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Nigeria in 2012: Between Fear and Doubt! – By Sunny Chris Okenwa

By Sunny Chris Okenwa, Abidjan, Ivory Coast – Jan. 3, 2012 – My beloved country, Nigeria, has always been in the news for some wrong reasons. Can someone just mention any good news that emanated out of the ‘giant’ of Africa last year? Perhaps the ‘discovery’ of cassava bread by the first family or the naming and shaming of the oil cartel that is heartlessly milking the nation dry forcing Aso Rock to want to remove the so-called fuel subsidy by the first quarter of this year? Or maybe the triumph of the PDP once again in the presidential poll against the lanky man from Katsina? Or the official death of Musa Yar’Adua after months of unannounced presidential power vacuum as the man struck by the Chaug-Strauss syndrome struggled to remain alive in Saudi Arabia with Turai trying to mask his fatal condition?

Okay, fellow Nigerians, the good news could as well be that we managed to survive 2011 inspite of Boko Haram, ubiquitous kidnappers and roaming armed robbers, right?! And that we tolerated cowardly the political intrigues and schemes of the Abuja gang whose indifference to our collective nightmare was too obscene that the Host of heaven must have seen the need for a change! Is enough not enough? Enough of the organized looting by few privileged elite? Enough of nonsense before sense?

As one big confused African country Nigeria has never ceased to amaze critics and admirers alike. For critics she represents everything wrong with the black man in terms of self-governance; a lawless country where gun-men overpower the police in broad daylight, a big modern jungle with little or no power supply, no good roads and no good drinking water. For these unrepentant critics Nigeria is a nation overwhelmed by corruption and blinded by unpatriotism waiting to fail or implode before 2015! The admirers are found only in the ruling party, the PDP!

As 2011 became history last Saturday we ushered in a brand new year pregnant with unholy uncertainties. 2011 went down in history this troubled part of the world as about the bloodiest under this tortured democratic dispensation hurriedly cobbled together by the military in 1999. What was put in place (with the OBJ imposition) was a defective system, for the spirit of “we the people” in the constitution remained non-existent. June 12 and its national symbol, late Bashorun Abiola, were then defeated and buried by reactionary forces hell-bent on preserving the giddy status-quo.

From political violence occasioned by the presidential and guber polls to bomb-throwing and terror war (being) waged by the faceless terror group based in the north called Boko Haram; from daily road mishaps that claimed thousands of innocent lives in the death-traps called federal highways across the nation to the social miseries: unemployment, poverty, frustration and want, 2011 was indeed one bloody year we cannot forget in a hurry. But thank God we are survivors of its fury, its blood thirstiness!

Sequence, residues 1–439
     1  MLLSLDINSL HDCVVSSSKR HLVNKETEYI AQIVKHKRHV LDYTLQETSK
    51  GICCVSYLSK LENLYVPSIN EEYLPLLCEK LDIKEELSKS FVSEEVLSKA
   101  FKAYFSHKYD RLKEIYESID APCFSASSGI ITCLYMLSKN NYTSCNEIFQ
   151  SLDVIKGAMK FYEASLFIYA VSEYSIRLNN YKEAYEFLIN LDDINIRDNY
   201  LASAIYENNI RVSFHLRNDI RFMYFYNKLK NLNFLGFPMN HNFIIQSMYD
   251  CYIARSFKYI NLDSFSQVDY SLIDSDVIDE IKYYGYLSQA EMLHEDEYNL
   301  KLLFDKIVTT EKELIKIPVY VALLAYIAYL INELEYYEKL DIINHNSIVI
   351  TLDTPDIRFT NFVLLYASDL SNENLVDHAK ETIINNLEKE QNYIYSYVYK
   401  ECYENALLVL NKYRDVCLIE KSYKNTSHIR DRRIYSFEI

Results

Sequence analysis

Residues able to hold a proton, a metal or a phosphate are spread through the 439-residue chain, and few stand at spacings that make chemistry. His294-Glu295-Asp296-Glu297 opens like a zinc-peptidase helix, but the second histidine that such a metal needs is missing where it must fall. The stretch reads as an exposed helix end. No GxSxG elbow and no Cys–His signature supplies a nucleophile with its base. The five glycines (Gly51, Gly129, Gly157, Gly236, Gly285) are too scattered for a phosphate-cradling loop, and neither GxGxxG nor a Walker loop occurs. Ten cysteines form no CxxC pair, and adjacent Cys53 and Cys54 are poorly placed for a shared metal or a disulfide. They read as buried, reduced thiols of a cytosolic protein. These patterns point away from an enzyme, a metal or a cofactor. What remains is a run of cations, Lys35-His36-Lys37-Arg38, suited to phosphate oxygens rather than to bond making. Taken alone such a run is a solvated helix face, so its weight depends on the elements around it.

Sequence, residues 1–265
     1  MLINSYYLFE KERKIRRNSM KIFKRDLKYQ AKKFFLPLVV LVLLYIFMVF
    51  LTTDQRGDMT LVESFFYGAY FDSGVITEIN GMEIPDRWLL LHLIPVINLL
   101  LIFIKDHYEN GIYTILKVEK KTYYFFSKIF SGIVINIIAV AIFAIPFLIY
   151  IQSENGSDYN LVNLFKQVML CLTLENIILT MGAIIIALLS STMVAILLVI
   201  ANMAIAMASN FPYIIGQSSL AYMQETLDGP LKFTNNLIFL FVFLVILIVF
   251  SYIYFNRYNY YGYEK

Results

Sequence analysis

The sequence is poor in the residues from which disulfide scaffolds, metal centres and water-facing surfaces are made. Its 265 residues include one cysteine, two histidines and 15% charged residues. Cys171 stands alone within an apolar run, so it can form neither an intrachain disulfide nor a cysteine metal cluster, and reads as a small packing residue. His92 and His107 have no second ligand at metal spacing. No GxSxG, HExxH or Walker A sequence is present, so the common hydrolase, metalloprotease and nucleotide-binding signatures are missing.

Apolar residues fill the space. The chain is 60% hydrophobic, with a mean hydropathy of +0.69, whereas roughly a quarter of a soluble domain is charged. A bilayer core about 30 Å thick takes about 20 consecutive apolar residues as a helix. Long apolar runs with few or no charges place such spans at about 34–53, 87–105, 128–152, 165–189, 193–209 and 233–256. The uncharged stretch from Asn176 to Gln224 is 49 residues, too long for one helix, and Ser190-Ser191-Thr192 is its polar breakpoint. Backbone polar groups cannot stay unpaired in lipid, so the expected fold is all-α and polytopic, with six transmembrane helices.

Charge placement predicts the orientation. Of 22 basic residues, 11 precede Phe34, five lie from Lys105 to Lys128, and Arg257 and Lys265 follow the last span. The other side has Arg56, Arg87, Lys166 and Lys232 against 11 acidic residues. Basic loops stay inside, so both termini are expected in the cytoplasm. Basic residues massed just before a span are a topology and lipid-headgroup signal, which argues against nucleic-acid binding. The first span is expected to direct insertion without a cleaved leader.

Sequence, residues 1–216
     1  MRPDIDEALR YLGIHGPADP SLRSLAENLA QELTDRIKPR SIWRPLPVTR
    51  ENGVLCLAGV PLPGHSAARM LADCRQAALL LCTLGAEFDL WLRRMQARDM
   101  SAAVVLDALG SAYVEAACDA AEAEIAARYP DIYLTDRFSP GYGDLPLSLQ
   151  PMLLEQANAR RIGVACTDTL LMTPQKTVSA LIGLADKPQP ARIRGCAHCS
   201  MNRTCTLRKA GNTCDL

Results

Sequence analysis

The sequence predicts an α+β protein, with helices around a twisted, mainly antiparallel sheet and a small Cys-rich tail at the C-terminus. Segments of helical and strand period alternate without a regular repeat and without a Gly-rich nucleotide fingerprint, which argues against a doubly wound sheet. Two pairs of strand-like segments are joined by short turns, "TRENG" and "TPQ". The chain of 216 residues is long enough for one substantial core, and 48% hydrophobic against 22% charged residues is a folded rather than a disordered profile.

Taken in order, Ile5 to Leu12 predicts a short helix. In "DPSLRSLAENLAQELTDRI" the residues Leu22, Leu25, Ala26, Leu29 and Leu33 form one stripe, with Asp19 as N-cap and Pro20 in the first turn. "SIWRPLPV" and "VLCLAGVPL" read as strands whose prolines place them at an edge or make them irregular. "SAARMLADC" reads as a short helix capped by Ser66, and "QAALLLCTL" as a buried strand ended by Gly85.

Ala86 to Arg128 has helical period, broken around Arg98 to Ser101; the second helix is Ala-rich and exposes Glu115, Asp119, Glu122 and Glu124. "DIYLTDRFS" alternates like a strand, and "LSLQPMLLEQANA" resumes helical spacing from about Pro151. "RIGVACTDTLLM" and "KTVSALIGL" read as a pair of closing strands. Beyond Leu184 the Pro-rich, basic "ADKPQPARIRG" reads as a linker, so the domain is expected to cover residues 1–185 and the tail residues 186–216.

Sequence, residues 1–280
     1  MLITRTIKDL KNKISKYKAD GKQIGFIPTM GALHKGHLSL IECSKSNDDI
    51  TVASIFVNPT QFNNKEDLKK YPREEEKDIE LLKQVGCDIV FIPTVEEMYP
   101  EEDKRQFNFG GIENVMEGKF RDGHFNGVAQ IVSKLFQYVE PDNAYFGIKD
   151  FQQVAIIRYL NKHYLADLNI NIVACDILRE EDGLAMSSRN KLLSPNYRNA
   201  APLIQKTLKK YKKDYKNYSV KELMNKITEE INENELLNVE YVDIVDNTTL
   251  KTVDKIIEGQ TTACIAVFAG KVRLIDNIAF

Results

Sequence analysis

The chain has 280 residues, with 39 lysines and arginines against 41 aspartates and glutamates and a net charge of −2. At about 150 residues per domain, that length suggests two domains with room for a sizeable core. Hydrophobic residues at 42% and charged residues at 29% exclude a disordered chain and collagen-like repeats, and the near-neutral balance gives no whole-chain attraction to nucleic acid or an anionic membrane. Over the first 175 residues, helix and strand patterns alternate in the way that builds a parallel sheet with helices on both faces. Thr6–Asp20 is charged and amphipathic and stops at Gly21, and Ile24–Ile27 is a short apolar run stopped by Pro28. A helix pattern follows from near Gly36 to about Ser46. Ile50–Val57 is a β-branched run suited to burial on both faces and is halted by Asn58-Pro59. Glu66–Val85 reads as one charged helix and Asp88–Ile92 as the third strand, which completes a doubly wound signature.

As the huge storm gathers menacingly over the landscape Aso Rock gives itself away as a confused secure place of power whose chief occupant wallows in ‘progressive’ cluelessness and ringing mediocrity. In a desperate times like these what is called for is responsive and pro-active leadership, something the Ijawman clearly lacks. Who will, then, liberate Nigerians from this suffocating condition in which life is no longer worth anything? Or are we doomed living dangerously in a nation that has no heart, no head and no morals?

President Goodluck Jonathan ought to abandon his diplomatic sermon of godliness and meekness and ‘transform’ himself into a Herod, a Pharaoh and a General put together in order to strike at the heart of the terror machine decimating our compatriots even in church premises. He may be naive but duty-bound to impose order! Yes, evil must not be allowed to prevail in this clime. He should consider it expedient ‘jumping’ out of the ‘transformation train’ for once and doing the right thing expected of a serious-minded deep-thinking President.

The United States and Israel are two powerful nations terrorists targeted — and still target. America, in order to vanquish the global menace of the late Osama Bin Laden’s Al Queda, went to an all-out war exporting same to places like Afghanistan and Pakistan where they operated from. Israel, on the other hand, took the war to Hizbollah in Lebanon and Hamas in Palestine on more than one occasion. And in each occasion the terrorists were given a bloody nose and forced to have a re-think before firing rockets into Israel or committing suicide missions.

The message was expressly sent boldly without compromise that the best approach to dealing with organized terrorism is not through negotiation but by military means. It takes the deployment of effective security mechanism to check terror antics, it takes strong decisions by the leadership to be able to send a dreadful message across to the perpetrators of horror: force for force, blood for blood until they are smoked out and run out of town.

The other day the National Security Adviser, Rtd Gen. Azazi, shamelessly declared that the security forces could not be everywhere at the same time to tackle the uncircumcised elements making life unbearable for our people. That the security forces are powerless and unable to protect lives and property never started today but we have been living with it as though there is no other solution. The truth is that Nigeria is too big a nation to be policed centrally from Abuja. It is not working, has never worked and will never work. Anybody saying otherwise is an enemy of the people.